3. Recycle wastewater, capture rainwater for non-potable systems and use grey water for irrigation. Recycled wastewater can be used in the process if treated properly or used in other areas of the plant for example in non-potable systems.
  4. Implement water saving processes- this could be using dry processes instead of wet processes, optimization of water usage in equipment, regular maintenance of running equipment, etc.
  5. Educate employees on water saving in the workplace! It is important for employees to understand the global importance of water and make an effort to reduce the consumption of water.

According to the United Nations World Water Development Report, approximately 2 million tons of waste is released into natural water bodies per day. This waste is in the form of but not limited to industrial wastes, dyes and chemicals, human waste, and agricultural wastes, i.e., fertilisers and pesticides. This indicates that there is a major opportunity to save water by treatment and reuse of wastewater.

Technology that is typically used in waste water treatment facilities include:

  • Adsorption/Absorption- This is the removal of surface contaminants in wastewater via absorbent material where the contaminants are trapped inside the absorbent filter. Activated carbon is the most common filter material used but is disadvantageous in large-scale use due to cost of chemical regeneration.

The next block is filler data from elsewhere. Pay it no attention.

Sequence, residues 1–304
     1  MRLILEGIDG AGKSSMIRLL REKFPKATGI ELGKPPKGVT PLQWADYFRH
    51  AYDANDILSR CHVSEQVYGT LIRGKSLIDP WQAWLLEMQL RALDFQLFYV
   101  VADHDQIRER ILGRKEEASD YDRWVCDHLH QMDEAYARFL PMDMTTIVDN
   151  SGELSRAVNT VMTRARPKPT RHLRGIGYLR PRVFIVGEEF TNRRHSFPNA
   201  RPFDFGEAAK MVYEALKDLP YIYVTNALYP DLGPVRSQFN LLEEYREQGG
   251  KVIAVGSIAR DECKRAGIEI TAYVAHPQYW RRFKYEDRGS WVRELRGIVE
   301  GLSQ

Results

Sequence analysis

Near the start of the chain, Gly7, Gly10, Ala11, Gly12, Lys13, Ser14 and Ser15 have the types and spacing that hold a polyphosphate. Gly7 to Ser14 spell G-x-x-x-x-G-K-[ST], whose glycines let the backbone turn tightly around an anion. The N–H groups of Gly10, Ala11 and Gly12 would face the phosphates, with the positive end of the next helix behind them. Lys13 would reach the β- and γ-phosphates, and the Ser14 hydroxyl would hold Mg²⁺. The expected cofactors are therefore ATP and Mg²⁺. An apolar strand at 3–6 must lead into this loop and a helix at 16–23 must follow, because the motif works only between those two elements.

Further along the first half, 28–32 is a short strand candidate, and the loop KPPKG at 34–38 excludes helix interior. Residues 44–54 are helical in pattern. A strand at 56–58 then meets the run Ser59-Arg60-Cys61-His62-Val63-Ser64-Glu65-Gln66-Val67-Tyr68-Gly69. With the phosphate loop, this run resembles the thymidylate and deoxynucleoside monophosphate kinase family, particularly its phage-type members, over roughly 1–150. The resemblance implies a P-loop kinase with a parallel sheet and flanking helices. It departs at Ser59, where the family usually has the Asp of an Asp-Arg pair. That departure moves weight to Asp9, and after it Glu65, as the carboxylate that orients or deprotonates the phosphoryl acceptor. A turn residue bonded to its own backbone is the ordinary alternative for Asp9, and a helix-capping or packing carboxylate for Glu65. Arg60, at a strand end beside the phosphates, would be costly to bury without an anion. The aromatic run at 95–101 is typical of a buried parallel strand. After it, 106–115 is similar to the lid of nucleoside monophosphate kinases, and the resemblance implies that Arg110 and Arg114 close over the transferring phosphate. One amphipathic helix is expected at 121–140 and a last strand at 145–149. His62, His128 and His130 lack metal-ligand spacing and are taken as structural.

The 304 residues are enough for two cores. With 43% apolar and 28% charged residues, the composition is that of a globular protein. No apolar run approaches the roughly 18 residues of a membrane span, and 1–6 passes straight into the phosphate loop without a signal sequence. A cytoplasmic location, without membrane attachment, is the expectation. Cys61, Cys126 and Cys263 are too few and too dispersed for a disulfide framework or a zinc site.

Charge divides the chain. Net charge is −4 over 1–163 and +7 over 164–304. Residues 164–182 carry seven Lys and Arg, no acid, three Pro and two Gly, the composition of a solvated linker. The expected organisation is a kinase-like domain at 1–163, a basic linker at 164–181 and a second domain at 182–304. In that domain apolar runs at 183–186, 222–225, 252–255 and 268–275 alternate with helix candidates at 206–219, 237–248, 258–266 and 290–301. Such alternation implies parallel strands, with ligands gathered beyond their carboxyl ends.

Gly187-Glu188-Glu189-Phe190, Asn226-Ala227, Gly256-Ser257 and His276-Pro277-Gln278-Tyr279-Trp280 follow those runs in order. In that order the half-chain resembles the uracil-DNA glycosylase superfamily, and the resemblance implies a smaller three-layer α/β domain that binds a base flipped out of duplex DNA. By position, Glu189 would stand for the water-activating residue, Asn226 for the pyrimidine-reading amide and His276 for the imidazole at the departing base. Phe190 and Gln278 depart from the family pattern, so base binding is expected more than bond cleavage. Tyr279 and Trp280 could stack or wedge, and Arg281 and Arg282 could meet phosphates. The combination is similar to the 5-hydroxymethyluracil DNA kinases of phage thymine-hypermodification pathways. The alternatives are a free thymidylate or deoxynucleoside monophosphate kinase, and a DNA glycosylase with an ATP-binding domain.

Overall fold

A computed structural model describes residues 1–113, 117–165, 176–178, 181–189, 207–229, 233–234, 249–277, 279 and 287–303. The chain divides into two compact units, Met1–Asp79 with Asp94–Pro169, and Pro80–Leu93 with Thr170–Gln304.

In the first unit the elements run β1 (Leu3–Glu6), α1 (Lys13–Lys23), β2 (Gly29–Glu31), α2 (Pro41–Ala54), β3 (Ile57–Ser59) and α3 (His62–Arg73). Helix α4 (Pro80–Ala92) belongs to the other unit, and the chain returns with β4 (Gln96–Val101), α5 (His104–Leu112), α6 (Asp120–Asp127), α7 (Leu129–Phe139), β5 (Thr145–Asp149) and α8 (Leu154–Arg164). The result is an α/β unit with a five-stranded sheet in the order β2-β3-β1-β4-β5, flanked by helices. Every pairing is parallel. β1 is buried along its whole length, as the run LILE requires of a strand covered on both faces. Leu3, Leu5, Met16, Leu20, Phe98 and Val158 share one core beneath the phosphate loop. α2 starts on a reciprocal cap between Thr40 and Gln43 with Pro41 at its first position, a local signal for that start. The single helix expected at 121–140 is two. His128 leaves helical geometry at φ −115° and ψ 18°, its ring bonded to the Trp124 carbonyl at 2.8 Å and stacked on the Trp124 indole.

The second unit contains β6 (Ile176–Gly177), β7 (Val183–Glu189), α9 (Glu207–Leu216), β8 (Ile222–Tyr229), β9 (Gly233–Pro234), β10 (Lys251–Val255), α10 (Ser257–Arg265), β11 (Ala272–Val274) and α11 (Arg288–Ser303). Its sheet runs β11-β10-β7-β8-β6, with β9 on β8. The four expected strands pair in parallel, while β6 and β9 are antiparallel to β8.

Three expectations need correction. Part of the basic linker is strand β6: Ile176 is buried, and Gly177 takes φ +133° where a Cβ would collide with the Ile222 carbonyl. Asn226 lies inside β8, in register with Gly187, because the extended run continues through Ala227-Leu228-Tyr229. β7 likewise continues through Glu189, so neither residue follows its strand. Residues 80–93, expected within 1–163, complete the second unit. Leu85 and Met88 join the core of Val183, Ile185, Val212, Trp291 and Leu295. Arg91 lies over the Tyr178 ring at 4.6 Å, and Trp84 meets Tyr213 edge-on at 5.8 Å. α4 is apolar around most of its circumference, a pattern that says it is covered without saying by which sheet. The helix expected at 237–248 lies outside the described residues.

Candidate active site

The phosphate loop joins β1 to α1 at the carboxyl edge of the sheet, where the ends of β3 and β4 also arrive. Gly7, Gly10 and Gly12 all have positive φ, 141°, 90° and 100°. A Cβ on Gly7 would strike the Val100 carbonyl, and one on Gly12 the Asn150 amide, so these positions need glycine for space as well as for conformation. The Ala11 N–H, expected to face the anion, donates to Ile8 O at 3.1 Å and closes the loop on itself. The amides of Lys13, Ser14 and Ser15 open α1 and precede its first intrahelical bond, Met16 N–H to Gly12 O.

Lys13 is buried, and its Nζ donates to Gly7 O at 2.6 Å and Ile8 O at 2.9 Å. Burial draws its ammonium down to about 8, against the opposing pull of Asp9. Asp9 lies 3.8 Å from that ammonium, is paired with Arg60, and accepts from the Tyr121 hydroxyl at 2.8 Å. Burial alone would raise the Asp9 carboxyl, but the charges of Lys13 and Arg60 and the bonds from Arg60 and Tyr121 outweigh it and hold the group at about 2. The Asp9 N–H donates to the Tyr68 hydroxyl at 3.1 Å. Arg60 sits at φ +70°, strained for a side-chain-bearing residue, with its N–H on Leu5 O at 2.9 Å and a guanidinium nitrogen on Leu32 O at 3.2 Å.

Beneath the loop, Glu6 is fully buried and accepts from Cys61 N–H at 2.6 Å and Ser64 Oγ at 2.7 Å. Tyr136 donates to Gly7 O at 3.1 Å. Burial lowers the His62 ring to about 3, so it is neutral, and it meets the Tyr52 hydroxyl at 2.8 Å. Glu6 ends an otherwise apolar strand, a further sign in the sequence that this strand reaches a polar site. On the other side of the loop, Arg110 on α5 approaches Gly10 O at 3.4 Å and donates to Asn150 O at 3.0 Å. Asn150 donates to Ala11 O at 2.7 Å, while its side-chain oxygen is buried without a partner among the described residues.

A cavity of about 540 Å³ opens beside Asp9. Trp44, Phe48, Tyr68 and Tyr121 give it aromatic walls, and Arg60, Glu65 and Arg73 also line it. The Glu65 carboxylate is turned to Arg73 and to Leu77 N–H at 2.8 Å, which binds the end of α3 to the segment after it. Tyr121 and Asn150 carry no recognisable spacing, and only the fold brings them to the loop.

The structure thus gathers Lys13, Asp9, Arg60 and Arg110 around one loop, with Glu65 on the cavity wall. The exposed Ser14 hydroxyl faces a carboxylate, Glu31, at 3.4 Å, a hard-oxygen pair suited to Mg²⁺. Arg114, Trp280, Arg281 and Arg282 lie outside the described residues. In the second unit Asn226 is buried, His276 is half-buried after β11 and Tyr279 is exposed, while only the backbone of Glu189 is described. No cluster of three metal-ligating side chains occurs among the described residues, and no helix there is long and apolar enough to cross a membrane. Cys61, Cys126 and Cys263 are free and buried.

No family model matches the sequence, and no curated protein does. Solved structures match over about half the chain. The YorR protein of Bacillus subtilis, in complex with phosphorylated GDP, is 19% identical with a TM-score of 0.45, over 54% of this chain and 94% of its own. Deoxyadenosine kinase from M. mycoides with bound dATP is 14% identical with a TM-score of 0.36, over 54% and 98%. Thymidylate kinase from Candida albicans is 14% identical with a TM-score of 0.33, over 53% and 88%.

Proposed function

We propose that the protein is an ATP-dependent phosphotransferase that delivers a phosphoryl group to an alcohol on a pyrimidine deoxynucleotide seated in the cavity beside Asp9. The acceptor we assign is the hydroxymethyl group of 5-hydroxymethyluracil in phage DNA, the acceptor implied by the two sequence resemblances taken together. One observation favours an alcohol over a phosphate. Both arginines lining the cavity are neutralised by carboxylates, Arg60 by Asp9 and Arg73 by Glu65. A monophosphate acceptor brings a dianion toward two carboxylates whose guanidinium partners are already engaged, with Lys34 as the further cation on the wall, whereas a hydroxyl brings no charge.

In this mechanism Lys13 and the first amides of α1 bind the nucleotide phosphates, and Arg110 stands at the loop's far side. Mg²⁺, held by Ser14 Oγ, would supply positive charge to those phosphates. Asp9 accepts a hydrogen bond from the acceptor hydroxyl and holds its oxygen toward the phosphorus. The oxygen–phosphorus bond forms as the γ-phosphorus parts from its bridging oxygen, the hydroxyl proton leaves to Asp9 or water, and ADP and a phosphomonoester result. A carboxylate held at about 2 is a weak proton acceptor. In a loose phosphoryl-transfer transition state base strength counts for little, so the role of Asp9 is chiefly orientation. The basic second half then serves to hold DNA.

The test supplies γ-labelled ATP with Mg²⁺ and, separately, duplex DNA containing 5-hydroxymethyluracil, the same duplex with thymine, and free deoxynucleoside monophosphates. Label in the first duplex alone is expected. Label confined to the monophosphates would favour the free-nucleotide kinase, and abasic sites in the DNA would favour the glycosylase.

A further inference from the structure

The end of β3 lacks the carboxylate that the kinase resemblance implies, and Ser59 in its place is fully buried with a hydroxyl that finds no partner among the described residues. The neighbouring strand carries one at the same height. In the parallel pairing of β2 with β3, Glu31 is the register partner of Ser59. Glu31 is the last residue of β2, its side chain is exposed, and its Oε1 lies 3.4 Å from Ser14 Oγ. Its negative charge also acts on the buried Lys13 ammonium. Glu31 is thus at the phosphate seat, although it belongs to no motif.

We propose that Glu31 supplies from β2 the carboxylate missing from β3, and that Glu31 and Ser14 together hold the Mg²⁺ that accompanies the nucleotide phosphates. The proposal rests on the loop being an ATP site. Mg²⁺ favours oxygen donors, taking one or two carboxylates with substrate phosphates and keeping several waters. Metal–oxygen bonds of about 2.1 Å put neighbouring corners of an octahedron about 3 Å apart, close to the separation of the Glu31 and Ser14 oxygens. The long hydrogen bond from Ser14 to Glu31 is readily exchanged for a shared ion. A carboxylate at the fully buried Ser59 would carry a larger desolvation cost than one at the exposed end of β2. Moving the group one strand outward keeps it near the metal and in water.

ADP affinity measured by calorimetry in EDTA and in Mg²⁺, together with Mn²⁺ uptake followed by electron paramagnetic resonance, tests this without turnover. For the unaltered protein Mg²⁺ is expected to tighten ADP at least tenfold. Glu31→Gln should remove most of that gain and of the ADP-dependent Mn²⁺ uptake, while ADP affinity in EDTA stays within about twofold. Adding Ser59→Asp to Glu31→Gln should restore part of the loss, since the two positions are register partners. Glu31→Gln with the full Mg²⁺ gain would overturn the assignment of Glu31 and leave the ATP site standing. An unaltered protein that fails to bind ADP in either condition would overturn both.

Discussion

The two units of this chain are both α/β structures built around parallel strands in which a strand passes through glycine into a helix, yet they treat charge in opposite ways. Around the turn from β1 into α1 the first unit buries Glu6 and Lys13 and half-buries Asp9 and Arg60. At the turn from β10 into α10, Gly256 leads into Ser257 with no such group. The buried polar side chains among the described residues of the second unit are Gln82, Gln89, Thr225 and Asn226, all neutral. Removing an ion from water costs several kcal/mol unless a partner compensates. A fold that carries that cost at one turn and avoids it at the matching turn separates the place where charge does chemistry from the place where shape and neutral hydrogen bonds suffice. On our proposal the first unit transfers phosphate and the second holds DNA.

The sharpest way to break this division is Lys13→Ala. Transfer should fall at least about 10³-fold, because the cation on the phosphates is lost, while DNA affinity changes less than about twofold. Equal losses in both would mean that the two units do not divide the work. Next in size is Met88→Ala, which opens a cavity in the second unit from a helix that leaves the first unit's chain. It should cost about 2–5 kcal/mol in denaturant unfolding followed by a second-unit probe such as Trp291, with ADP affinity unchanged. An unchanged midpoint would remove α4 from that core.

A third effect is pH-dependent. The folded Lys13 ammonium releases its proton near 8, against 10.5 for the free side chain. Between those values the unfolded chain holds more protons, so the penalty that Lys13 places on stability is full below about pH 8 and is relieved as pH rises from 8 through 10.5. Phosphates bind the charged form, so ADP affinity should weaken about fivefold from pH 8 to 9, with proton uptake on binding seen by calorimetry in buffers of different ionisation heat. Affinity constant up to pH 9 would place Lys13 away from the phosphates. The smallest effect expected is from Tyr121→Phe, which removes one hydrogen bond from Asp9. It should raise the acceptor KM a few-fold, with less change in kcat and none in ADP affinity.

• Membrane filtration- Membrane filtration is used at a super fine level to remove particulates and molecules. Membrane filtration is easily implemented but is limited as it can be difficult to remove fine dissolved solids.
  • Reverse osmosis (RO)- Reverse osmosis is a semi-permeable membrane that separates molecules. RO is one of the most efficient methods used in water treatment currently but can be expensive due to high pressure pumps required for operation.
  • Biological treatment- This is wastewater treatment using microorganisms (biological bugs) to break down organic wastes dissolved in wastewater. This method performs well to reduce COD however, purity of treated water is not high enough to be reused in the process.
  • Evaporation- Evaporation of water using an external heat source to purify the water. This method produces high quality water but would be expensive due to cost of heat energy.

Blue Projects contribution to water saving

At Blue Projects, we believe that water should be developed, conserved, and controlled in a sustainable and efficient manner for the benefit of our environment. Our engineers work to implement the best designs for water saving and manage wastewater production. Blue Projects also looks at the best cost and most efficient technology used to aid us in this initiative.

What can the public do

The public can also aid in reduction of consumption of freshwater by managing the water used for cleaning and washing. Examples of these are:

  • install water saving shower heads and take shorter showers,
  • turn off water in between brushing your teeth or washing your face,
  • limit use of dishwashers or washing machines,
  • turn off technology because power generation is water intensive,
  • shop sustainably- a pair of jeans typically uses 10000 litres to produce which is equal to what a person drinks in 10 years,
  • avoid dumping medicines, chemicals, oils own the drain,
  • avoid wasting food to limit agricultural demand, etc.